As of 2015, single homeowners can sell their property and gain up to $250,000 in pure profit without paying a capital gains tax, while married homeowners are exempt up to $500,000, according to the Internal Revenue Service. Under the Taxpayer Relief Act of 1997, homeowners can only use the exemption once every two years. Additionally, they must show that the home was their primary residence for two out of the five years preceding the sale in order to qualify for the exemption.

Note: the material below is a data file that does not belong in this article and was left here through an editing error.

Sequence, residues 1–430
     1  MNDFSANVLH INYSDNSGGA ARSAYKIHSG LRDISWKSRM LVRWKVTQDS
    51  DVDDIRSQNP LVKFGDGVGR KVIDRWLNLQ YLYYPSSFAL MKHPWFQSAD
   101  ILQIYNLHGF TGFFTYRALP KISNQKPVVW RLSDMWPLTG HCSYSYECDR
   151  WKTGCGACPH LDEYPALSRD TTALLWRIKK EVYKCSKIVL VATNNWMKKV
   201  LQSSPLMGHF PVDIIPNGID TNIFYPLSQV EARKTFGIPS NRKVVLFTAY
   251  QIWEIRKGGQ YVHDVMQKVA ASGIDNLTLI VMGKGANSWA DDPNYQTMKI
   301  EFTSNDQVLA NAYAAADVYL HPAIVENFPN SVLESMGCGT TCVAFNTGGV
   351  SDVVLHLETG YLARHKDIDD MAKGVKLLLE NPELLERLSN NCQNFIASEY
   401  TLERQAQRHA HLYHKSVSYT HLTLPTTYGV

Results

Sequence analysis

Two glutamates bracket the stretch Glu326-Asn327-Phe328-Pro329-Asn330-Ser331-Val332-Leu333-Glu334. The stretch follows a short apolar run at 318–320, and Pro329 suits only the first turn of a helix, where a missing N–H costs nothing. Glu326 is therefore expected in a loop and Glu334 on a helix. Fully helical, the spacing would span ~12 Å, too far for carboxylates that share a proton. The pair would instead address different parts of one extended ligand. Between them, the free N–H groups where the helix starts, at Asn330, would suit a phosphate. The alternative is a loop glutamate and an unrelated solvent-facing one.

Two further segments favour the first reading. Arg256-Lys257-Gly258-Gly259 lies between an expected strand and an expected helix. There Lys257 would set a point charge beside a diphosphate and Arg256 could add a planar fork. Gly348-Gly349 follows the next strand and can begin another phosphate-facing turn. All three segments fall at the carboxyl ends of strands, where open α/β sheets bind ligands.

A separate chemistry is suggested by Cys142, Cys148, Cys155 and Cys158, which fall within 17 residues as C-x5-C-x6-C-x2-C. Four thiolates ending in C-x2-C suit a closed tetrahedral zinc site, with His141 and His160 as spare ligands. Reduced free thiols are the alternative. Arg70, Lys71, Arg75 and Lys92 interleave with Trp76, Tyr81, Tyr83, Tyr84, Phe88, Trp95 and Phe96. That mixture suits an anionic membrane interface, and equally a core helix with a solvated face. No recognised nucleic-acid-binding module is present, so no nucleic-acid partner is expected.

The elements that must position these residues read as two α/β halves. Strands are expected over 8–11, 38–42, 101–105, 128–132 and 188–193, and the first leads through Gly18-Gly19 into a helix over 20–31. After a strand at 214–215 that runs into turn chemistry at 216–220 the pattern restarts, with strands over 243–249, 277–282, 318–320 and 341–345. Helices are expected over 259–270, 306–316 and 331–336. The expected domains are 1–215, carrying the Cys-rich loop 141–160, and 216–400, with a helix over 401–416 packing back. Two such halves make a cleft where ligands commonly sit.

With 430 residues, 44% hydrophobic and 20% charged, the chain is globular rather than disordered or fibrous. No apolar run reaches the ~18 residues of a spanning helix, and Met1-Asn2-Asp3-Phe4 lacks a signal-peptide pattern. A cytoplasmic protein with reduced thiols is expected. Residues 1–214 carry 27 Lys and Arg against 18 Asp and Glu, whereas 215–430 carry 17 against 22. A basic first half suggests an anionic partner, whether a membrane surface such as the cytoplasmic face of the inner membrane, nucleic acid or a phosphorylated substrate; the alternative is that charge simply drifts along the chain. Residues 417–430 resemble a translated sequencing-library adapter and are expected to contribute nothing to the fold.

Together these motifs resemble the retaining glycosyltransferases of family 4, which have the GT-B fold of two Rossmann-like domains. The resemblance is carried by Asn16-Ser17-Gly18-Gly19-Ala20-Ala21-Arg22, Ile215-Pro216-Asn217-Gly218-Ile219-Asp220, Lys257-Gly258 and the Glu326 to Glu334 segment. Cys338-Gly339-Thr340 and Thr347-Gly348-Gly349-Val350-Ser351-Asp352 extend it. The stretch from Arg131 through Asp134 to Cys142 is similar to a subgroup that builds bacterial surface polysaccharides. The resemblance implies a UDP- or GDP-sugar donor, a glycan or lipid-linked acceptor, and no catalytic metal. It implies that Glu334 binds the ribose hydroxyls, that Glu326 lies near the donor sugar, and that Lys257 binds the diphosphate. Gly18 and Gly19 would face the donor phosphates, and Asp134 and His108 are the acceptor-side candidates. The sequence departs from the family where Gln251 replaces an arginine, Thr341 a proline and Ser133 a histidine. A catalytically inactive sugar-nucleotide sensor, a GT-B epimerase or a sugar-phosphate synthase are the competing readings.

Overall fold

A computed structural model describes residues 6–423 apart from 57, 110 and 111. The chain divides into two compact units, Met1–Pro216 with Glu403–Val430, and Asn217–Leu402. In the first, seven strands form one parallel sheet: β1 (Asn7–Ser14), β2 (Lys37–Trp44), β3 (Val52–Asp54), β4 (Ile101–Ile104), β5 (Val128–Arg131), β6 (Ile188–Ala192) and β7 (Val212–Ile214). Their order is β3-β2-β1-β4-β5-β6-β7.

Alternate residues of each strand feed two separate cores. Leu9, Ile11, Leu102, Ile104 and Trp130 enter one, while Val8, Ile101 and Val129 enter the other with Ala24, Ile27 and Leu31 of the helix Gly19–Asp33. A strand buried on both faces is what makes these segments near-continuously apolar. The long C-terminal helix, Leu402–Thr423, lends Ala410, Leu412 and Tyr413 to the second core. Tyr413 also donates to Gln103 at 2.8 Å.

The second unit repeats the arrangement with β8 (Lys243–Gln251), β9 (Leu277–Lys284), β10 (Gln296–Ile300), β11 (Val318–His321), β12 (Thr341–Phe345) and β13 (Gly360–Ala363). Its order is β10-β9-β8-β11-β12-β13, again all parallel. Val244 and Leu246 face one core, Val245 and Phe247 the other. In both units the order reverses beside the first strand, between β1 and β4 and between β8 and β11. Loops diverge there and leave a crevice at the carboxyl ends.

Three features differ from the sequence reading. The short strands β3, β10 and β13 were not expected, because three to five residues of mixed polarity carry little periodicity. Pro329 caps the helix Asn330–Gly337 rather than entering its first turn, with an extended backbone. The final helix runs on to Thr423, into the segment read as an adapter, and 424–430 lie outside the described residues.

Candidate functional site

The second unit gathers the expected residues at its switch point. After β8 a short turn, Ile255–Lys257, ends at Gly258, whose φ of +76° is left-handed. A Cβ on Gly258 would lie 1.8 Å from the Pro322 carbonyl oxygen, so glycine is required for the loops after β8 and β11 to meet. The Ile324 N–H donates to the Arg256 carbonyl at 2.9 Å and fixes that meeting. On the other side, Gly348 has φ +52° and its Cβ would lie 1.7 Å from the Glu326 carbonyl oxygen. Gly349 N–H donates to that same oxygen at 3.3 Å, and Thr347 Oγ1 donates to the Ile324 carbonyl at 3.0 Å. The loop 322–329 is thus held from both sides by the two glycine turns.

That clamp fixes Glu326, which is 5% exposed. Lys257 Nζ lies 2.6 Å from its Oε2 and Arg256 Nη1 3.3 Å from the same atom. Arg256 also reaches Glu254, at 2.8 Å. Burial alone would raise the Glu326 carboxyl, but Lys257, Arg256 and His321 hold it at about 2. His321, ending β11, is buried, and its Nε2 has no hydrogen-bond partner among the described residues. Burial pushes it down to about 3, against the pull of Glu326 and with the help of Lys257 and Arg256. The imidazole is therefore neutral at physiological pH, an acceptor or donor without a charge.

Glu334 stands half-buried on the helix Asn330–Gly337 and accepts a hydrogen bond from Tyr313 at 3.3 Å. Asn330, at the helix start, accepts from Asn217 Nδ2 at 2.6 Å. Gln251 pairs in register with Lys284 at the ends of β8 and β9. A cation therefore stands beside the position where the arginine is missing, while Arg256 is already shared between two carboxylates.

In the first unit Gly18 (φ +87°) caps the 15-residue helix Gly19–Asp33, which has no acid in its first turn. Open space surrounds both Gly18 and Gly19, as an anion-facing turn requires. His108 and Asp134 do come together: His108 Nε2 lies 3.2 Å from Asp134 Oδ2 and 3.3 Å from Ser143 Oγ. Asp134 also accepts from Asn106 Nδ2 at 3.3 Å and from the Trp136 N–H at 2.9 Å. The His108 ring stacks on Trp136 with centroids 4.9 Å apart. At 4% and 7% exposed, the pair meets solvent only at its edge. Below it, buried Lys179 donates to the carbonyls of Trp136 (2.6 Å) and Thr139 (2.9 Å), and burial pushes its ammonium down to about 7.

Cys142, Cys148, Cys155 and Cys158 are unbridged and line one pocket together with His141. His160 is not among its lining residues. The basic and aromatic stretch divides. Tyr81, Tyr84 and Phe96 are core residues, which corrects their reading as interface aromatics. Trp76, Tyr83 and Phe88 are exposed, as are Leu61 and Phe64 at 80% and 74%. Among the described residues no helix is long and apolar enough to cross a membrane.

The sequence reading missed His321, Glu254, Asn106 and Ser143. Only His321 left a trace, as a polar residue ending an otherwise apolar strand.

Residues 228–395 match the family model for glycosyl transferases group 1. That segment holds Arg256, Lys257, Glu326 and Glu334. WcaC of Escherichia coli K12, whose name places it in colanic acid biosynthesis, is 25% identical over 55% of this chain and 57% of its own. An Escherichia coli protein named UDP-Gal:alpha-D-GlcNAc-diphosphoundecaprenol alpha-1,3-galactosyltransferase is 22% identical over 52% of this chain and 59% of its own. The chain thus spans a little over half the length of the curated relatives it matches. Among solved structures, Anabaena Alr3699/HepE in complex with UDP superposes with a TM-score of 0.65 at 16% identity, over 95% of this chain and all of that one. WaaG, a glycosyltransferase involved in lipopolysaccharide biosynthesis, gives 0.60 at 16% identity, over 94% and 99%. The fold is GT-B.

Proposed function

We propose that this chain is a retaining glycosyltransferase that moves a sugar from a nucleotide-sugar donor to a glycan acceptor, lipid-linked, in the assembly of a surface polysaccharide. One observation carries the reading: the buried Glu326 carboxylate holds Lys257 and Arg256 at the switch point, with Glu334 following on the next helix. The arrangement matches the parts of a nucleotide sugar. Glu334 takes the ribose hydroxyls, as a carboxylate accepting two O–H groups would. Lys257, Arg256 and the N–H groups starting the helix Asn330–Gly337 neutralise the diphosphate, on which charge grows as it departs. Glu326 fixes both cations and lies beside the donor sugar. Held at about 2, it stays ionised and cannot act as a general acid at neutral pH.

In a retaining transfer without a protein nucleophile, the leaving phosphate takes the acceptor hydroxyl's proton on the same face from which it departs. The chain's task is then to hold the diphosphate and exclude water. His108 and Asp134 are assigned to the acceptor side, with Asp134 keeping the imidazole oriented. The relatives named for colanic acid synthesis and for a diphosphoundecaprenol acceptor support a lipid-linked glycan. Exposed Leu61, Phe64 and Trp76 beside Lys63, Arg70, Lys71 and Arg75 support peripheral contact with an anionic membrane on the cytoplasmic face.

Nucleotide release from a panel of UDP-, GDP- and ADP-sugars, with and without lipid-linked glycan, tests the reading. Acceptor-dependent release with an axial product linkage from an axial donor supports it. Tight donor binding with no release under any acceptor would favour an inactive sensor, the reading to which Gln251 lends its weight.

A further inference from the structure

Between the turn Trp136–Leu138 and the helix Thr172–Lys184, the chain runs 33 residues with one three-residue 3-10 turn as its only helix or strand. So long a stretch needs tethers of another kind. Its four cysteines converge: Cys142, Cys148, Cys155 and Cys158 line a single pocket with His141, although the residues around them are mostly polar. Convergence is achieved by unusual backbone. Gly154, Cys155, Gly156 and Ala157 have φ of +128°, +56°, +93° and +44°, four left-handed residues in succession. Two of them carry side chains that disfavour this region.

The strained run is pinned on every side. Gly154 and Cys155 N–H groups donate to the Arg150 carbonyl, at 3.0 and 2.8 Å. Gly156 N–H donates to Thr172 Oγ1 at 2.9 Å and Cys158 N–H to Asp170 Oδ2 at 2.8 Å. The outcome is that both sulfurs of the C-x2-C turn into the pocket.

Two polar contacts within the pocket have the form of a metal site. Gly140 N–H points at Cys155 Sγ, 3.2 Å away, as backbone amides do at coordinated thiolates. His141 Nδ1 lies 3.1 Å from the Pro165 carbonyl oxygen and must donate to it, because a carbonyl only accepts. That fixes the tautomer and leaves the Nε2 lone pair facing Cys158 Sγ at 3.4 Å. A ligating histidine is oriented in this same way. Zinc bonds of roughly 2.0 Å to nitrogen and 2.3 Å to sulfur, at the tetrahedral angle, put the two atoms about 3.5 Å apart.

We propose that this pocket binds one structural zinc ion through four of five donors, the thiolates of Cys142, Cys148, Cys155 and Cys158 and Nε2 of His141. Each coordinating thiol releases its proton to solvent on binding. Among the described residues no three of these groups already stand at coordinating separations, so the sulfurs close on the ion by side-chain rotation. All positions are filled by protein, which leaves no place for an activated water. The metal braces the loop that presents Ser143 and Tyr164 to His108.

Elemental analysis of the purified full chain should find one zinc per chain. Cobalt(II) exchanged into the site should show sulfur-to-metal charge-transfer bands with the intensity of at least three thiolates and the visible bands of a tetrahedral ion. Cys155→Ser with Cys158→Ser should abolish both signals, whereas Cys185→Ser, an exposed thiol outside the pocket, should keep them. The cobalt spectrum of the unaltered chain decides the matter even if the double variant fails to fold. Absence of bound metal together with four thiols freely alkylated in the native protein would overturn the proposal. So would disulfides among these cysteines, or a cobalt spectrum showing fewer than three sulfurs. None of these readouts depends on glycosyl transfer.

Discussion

To determine if the profit from a home sale is exempt, it is important to deduct all related expenses from the sales price, as noted by Nolo. These include things like expenses for capital improvements to the property, closing costs on the sale, and other fees that affect the final profit margin. In many cases even if the gross profit on a home sale is more than the exemption allows, when factoring in these other figures, the actual net profit is within the exemption limits.